In pulp stories of first contacts (with extra-terrestrial beings) and in Hollywood films like Mars Attacks, the aliens or pseudo-hominids are predominantly imagined as reptilian creatures, or, in a much broader vision, as “Green Men” (sometimes Little). These non-human sentient beings are identified by the colour of their skin or in some occurrences, body hairs – which is green. The colour is one of the prominent aspects of dissimilarity with humans on earth.

Before the stereotyped application of aliens or Martians as Green Men, the term was ordinarily used to describe supernatural creatures like the green children of Woolpit (12th century England) or goblins in 19th and 20th century fairy tales (Puck of Pook’s Hill, Rudyard Kipling, 1906). Another example of this can be found in the fantasy poem written by the German poet Matthew Gregory “Monk” Lewis, aptly named “The Little Green Man: A Garman Story” (1801).

However, with the emergence of science fiction in the west, the term began to be used to describe a race of extraterrestrials. From Edgar Rice Burroughs’s A Princess of Mars (1912) to the Flash Gordon comics in the 1930s, the stories of Martians as green men proliferated. Harold M Sherman (Green Man: A Visitor from Space, 1946), Dallas McCord “Mack” Reynolds (The Case of the Little Green Men, 1951), and Fredric Brown (Martians, Go Home, 1955) also wrote notable Green Men stories during the Golden Age of American science fiction.

Bengal gets a sci-fi magazine

Fiction met rumours with the supposed UFO crashes in the US in the 1950s. Various “encounters” with the alien were recounted, with vivid descriptions. Often the stories presented an uncoordinated striking similarity between themselves. And, of course, the aliens retained the same skin colour: green. The stories became so popular and widespread that Variety magazine novelised them in Behind the Flying Saucers (Frank Scully, 1950). The New York Times, Washington Post, Los Angeles Times, Chicago Tribune – all published articles on the incidents.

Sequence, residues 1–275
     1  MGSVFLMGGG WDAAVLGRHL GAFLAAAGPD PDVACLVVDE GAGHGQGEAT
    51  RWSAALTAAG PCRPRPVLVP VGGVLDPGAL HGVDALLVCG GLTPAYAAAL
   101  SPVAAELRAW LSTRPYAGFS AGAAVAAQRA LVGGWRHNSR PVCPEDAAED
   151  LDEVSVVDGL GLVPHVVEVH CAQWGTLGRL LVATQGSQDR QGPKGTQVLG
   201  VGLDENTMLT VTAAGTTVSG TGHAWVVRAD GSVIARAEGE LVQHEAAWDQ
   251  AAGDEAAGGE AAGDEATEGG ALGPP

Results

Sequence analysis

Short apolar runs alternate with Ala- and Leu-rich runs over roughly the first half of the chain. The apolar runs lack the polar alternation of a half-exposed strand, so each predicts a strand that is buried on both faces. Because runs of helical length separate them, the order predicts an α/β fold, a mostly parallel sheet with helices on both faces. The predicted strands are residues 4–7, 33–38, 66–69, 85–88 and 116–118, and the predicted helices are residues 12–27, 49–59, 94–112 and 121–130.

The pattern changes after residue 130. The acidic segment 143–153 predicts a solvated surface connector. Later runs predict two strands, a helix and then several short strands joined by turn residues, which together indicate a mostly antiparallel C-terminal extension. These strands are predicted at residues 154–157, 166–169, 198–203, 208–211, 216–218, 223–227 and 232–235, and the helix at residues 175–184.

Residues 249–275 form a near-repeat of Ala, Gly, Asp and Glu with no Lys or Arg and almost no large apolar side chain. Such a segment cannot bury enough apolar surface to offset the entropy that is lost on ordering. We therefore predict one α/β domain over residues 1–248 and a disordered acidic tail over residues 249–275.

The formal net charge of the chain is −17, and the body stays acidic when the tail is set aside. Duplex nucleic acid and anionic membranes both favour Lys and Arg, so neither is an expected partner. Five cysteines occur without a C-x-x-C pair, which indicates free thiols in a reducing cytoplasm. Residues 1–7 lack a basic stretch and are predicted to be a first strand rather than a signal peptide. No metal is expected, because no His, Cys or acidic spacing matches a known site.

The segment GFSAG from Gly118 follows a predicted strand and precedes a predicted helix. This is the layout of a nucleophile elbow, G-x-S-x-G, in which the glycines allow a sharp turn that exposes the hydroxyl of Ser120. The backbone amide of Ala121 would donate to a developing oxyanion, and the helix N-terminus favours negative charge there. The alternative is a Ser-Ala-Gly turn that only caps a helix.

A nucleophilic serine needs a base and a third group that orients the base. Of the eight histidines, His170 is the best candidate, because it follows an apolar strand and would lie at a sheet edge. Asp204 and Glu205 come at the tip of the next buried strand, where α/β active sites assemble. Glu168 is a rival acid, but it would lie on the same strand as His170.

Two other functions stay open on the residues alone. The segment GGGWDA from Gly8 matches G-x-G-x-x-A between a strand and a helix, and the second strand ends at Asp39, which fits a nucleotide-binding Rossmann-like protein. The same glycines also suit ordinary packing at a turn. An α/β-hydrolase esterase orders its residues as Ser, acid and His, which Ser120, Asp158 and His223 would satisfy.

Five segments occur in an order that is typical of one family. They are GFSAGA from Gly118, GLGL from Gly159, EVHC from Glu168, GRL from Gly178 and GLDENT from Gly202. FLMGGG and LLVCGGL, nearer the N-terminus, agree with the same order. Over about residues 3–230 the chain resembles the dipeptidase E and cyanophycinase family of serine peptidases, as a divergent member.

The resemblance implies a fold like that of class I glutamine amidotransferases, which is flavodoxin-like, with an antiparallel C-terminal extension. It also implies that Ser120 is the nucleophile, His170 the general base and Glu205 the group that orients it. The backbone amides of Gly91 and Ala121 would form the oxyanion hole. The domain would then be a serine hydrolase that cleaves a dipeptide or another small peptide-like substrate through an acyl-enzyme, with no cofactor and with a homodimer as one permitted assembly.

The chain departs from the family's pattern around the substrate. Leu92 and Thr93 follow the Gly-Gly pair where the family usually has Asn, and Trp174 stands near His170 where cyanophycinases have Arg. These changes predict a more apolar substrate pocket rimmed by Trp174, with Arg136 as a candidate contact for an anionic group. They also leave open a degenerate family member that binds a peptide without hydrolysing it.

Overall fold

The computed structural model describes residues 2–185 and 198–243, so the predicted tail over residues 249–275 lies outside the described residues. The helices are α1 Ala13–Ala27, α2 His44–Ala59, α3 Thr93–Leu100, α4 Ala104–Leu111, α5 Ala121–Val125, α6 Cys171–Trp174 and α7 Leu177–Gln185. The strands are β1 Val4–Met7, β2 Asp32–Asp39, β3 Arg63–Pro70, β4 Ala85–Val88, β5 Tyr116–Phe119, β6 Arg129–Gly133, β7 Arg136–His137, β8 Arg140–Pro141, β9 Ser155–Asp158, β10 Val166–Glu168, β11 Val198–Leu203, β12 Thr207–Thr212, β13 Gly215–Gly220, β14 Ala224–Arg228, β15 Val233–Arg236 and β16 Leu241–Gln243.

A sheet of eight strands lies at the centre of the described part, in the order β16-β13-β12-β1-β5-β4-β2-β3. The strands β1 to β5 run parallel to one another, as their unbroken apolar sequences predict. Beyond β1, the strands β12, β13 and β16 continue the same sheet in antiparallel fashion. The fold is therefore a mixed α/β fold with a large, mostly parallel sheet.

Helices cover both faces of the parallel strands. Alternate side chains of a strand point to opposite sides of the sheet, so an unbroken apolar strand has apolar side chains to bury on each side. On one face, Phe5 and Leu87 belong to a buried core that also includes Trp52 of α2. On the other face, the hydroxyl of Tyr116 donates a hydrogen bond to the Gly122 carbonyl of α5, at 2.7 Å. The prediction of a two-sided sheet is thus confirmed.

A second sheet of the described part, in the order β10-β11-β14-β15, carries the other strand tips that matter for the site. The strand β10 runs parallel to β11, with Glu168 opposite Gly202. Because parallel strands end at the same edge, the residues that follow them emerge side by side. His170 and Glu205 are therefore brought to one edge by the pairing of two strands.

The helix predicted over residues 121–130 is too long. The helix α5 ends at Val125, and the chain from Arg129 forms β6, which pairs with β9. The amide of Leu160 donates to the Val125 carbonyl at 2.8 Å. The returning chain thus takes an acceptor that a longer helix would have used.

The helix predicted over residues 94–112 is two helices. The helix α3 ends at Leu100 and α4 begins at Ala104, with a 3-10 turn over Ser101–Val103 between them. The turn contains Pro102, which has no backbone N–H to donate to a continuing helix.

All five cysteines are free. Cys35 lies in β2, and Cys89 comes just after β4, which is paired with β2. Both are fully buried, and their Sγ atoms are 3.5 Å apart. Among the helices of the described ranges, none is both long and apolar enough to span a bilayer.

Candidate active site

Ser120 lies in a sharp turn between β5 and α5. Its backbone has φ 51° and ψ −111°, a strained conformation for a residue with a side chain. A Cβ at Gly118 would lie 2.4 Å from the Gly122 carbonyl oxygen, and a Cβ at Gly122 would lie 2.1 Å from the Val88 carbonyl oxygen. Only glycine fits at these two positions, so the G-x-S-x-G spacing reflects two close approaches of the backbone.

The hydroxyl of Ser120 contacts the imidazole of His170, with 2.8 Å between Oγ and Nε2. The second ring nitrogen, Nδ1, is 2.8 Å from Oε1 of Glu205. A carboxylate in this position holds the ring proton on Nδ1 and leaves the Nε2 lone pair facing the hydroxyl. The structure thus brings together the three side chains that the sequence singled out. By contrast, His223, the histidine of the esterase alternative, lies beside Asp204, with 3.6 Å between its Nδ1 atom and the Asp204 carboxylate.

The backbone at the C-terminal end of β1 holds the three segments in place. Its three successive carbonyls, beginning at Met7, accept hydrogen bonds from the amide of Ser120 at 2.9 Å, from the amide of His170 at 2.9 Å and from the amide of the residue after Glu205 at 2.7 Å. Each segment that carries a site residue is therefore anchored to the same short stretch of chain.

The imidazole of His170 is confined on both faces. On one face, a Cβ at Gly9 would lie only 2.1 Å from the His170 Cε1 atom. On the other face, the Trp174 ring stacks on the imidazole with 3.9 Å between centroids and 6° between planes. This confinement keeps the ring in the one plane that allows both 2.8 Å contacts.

The waves of this phenomena also reached Bengal – or, more precisely, science fiction writer Adrish Bardan. Bardhan himself was experimenting with his newfound magazine Ashcharjya, the first Bengali magazine of science fiction and fantasy. The genre was still largely unknown in Bengali literature, despite works by, among others, Acharya Jagadish Chandra Bose and Premendra Mitra. Bardhan’s Ashcharjya took a bold step with its first issue in January 1963 and coined the Bengali synonym for science fiction – kalpavigyan.

Ashcharjya gained tremendous popularity among mainstream Bengali readers in a remarkably short time. While the Cold War and the accelerations of scientific breakthrough alongside the space race propelled the popularity of science fiction in the West, Bardhan and his magazine curated the genre in Bengali. Bardhan himself played the roles of editor, translator, writer and even a columnist for the magazine in the early years owing to a shortage of writers.

Moving to radio

With Ashcharjya reaching its peak, Bardhan decided to expand the genre in other media formats, especially radio. When he told Premendra Mitra, the primary advisor of Ashcharjya, about the Green Men of the west, Mitra proposed an anthological broadcast. Though science fiction podcasts are common today, in 1965, in a country and state still in the grips of political turmoil, war winds, and economic flux, a radio programme in the genre was nothing but historical. On 3rd March, 1965, in the “Sahityabasor” programme broadcast from Akashvani (All India Radio in Indian languages) Calcutta station, Bardhan himself, along with writers Dilip Roy Chowdhury, and Mitra broadcast a story titled Mahakashjatri Bangali (The Bengali Space Voyager). When this proved success, Bardhan decided to broadcast an Indian take on Green Men.